Working with depression
“I was feeling so sad all the time, and I couldn’t shake it. I started burying my feelings, and it got to a point where I couldn’t even tell my family or my friends, ‘I’m twisted,’ or ‘I’m exhausted,’ or ‘I’m so angry.’”
Alicia Keys [right] added, “I became a master of putting up the wall so that I was unreadable.” [People, December 13, 2007]
One of the reasons we need to manage depression as creative people, is so we don’t get too walled off or shut down to create.
For some people, it may be a more severe form, such as the Postpartum Depression that Marie Osmond experienced.
As she described it: “I’m collapsed in a pile of shoes on my closet floor… I have no memory of what it feels like to be happy. I sit with my knees pulled up to my chest. I barely move. It’s not that I want to be still. I am numb.”
But probably for most of us, it is a less extreme form, such as dysthymia, and is likely to be an existential depression, as psychologist and creativity coach Eric Maisel, PhD describes in his book The Van Gogh Blues.
He writes, “The cliche is that creativity and depression go hand-in-hand. Like many cliches, this one is quite true.
“But creators are not necessarily afflicted with some biological disease or physiological disorder… They experience depression simply because they are caught up in a struggle to make life seem meaningful to them.
“People for whom meaning is no problem are less likely to experience depression. But for creators, losses of meaning and doubts about life’s meaningfulness are persistent problems — even the root causes of their depression. … Virtually 100 percent of creative people will suffer from episodes of depression.”
One of the artists quoted in the book is Caroline Bertorelli. “I get depressed quite regularly and often,” she notes. “It used to distress and frustrate me that I have such a tendency. But as I grow older, I see my depression as a valuable time for introspection and deep thinking about life.”
In our interview, Eric Maisel commented, “I believe that it serves us best to learn how to reduce or eliminate both depression and anxiety from our lives, as I do not hold them as useful in any way. I think that pain is overrated.
“That isn’t to say that the following might not happen: you work honorably and well on a creative project, you finish it, you are depleted and no new project wants to come forward, and after a certain amount of time the blues strike, since you aren’t making sufficient meaning and don’t feel quite up to making new meaning.”
He adds, “This sort of depression can creep up on any working artist. The depression is not useful in and of itself but it is a clear signal that the time has come to see if new meaning can be made.
“It is the time to get back on the horse and back into the studio. Maybe there is nothing there yet and maybe you will experience days or weeks of nothing particularly generative happening.
“Be that as it may, the depression was not a gift; it was merely the warning sign that a meaning crisis was brewing or had erupted—and that action, even if futile at first, was now required.”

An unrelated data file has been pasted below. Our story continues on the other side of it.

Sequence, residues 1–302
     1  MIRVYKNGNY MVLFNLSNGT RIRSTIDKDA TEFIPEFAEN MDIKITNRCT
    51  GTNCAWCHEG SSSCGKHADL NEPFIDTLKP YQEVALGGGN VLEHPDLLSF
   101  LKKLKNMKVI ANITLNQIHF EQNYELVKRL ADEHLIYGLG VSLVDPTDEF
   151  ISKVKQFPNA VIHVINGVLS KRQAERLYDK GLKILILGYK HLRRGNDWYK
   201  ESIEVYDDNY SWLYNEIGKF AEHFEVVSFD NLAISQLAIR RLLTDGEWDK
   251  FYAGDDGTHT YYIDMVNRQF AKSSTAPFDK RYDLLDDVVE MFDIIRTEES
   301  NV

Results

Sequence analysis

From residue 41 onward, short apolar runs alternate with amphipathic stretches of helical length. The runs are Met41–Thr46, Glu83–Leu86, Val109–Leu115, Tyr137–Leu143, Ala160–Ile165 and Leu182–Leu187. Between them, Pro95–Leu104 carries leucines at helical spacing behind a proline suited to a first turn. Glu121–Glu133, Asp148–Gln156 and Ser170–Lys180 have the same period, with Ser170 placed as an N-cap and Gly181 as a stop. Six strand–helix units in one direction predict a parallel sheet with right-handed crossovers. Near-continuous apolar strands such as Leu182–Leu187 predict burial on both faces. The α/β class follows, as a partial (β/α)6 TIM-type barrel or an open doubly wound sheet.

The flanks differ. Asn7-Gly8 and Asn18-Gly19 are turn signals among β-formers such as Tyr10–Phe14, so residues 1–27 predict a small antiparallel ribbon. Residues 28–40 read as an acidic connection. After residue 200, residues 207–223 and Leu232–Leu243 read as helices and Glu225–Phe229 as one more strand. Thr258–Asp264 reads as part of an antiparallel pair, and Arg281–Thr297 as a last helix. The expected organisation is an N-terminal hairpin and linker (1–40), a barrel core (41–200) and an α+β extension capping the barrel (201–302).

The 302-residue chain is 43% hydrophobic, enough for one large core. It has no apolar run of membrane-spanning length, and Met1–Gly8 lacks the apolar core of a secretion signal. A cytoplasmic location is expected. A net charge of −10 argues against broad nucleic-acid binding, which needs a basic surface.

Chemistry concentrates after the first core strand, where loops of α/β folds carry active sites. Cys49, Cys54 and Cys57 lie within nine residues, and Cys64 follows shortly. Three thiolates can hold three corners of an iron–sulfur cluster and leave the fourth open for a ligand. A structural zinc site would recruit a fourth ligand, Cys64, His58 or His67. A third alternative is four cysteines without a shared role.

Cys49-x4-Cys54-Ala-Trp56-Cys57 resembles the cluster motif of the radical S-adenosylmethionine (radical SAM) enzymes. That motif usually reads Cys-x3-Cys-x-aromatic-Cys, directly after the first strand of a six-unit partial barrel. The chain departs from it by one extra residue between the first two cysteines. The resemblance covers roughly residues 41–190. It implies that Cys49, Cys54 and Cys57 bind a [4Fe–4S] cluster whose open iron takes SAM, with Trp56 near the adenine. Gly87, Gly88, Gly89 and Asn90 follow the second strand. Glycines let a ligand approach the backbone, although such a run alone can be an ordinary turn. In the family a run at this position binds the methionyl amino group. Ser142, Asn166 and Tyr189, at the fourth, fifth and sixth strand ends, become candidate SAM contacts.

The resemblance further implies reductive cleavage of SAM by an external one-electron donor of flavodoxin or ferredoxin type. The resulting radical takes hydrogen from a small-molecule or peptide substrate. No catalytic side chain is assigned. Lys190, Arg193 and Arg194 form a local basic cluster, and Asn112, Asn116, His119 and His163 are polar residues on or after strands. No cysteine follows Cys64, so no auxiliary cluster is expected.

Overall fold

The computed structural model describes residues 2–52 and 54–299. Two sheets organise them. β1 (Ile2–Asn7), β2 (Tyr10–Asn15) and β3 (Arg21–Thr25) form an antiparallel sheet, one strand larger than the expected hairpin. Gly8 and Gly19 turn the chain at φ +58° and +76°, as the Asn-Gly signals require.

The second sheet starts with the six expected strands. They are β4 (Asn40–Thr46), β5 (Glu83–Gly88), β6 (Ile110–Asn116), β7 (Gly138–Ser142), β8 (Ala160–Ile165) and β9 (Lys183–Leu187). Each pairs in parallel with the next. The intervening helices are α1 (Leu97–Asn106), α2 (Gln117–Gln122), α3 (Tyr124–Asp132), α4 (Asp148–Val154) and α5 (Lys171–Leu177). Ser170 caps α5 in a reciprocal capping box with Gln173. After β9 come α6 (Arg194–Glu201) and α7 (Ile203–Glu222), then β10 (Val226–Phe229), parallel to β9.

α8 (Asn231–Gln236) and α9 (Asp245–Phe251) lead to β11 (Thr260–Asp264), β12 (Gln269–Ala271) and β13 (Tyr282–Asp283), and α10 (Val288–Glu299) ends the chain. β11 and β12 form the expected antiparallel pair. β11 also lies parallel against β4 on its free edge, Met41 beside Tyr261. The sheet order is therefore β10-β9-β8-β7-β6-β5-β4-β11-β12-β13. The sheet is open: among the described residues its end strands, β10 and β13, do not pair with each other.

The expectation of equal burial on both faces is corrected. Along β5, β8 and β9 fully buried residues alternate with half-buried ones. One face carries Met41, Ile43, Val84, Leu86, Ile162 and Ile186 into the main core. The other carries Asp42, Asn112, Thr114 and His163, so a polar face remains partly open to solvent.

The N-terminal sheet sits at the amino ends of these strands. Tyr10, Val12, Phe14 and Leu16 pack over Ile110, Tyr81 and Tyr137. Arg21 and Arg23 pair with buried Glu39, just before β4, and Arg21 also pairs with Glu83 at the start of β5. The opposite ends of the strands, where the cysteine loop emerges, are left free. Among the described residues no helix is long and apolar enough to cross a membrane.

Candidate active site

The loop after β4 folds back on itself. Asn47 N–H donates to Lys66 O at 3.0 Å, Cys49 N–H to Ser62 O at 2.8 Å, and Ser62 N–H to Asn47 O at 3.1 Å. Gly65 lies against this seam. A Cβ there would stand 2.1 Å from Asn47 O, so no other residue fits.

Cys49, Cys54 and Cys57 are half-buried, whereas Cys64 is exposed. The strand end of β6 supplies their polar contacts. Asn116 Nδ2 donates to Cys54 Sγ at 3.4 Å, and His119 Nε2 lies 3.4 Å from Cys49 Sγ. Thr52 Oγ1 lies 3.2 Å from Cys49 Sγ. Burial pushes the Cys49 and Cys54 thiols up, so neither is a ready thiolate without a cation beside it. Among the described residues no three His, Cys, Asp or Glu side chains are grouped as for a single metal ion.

From Investing meaning in our art – an interview with Eric Maisel.
The action to take to relieve depression may be to “get back on the horse and back into the studio” – or it may require some more formal help.
Christina Ricci fought anorexia and depression in her younger years, and says she overcame her problems with the help of a psychiatrist.
“These are things you can’t always deal with alone, so I went to therapy,” she said. “Sometimes people need to seek professional help. Along the way I discovered that you can choose to be happy.”
From (Manic) Depression Confessions: Christina Ricci and Mel Gibson, by Liz Spikol, HuffingtonPost.
On the excellent blog Storied Mind, in the article Creating a Way Out of Depression – 2, is this quote about creative work:
“Near the beginning of Julie Fast’s Get It Done When You’re Depressed, she quotes an artist suffering from depression who made an important discovery.
“Although she had been thinking she could not work when depressed, a friend asked her if she could see any difference in the quality of the work she produced when feeling good and when feeling bad. She realized that there was no difference.
“That was an eye-opener. She realized that even when she felt low and lacking the will to get to her creative work, she was still capable of producing the painting that gave her such deep fulfillment. Now she’s focused on her work, rather than on her feelings about whether she’s able to get started. For her, this realization has made all the difference, and she’s painting whether she’s excited about her work or unable to stop crying.”
Another perspective is provided by Andrew Solomon in his book The Noonday Demon: An Atlas of Depression: “It is possible (though for the time being unlikely) that, through chemical manipulation, we might locate, control, and eliminate the brain’s circuitry of suffering. I hope we will never do it.
“To take it away would be to flatten out experience, to impinge on a complexity more valuable than any of its component parts are agonizing.
But pain is not acute depression; one loves and is loved in great pain, and one is alive in the experience of it. It is the walking-death quality of depression that I have tried to eliminate from my life; it is as artillery against that extinction that this book is written.”